Ben Lake: ‘How water efficiency devices can mitigate fuel poverty and reduce carbon emissions’

As Chair of the All-Party Parliamentary Group on Fuel Poverty and Energy Efficiency, I have long championed and advocated for new and innovative measures which can lower household bills and carbon emissions, helping lift some of the most economically vulnerable out of fuel poverty.

But with a further 465,000 households falling into fuel poverty this winter just gone, taking the overall figure in the UK to 6.5 million, it is clear to me that we aren’t doing enough to help the most economically vulnerable, especially as energy bills are predicted to remain stubbornly high for the rest of the decade.

The Government’s flagship fuel poverty scheme, the Energy Company Obligation (ECO), has undoubtedly been helpful, delivering around 3.7 million measures to 2.5 million properties since its inception in 2013. However, its latest iteration, (ECO4) is proving overly procedural and restrictive in what retrofit methods can be used in the scheme. For example, many homes in fuel poverty are finding themselves unable to access the scheme due to strict requirements on EPC increases that make their homes ineligible. Due to the huge increases in inflation we’ve experienced in recent years, many homes are also finding that the cost of upgrading their homes is beyond the strict cost restrictions in ECO4, which have not been adjusted for inflation.

But one other area it is also falling short is excluding technologies that can help improve the water efficiency of a home. In the average UK household, 17% of the average energy bill goes on heating water according to the Energy Saving Trust. This means if household water consumption can be reduced, so can both energy and water bills.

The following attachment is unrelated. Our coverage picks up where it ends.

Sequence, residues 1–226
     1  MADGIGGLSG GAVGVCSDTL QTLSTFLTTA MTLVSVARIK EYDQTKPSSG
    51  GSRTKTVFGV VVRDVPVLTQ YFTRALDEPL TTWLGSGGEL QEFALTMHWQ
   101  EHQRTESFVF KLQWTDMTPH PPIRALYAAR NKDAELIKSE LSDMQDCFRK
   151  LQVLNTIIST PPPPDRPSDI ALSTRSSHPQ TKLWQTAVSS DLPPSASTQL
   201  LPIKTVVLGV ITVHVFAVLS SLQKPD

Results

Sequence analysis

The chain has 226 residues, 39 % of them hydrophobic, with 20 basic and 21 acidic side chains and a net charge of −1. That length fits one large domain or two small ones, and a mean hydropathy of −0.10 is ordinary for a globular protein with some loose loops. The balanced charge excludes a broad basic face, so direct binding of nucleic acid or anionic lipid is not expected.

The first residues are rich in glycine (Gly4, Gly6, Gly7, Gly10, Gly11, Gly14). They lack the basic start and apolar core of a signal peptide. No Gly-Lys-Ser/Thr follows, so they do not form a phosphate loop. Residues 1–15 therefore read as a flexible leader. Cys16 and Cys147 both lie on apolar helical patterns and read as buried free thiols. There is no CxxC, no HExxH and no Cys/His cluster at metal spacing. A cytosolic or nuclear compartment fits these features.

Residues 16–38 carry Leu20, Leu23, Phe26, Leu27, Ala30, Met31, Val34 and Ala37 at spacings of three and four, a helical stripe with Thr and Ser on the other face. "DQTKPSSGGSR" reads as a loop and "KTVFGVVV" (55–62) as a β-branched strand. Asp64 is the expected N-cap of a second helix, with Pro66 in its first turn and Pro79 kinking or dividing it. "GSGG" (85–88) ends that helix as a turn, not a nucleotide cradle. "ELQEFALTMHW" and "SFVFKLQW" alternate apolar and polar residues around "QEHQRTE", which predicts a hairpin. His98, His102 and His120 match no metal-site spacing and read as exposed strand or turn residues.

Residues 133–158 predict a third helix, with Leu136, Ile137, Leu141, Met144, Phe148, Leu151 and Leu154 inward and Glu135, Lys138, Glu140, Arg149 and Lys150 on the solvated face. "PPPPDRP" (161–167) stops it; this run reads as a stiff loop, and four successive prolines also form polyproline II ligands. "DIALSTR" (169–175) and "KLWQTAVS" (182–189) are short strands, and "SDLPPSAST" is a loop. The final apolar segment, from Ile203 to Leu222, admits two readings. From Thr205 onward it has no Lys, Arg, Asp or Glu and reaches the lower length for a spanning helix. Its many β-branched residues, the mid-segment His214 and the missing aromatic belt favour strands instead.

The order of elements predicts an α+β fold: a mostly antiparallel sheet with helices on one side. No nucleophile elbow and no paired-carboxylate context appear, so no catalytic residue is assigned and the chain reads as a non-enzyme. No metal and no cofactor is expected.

In the UK there are technologies that can do this now, such as by reducing the fluctuations in water pressure. For example, in a recent pilot in Crawley Council, a product devised by the UK company Cenergist yielded savings of £400 in annual energy and water bills, as well as reducing domestic consumption by 23%.

Recent signals coming out of both DEFRA and DESNZ indicate that the Government may be open to examining the role of water efficiency technologies could play in the decarbonisation of the UK’s housing stock and help tackle fuel poverty. What is vital though is that the government acts. As a recent report by National Energy Action found, the government is set to fall short of its fuel poverty target by a staggering margin, with three million households still expected to be in fuel poverty by 2030.

With the forthcoming General Election expected to hinge on which party can address an ongoing cost of living crisis and a stagnating economy, political parties that are serious about solving some of the most pressing social issues of our time should look again at how they are tackling fuel poverty, and ensure they are using every tool at their disposal to end it once and for all. is the UK’s leading digital-only political website, providing comprehensive coverage of UK politics. Subscribe to our daily newsletter here.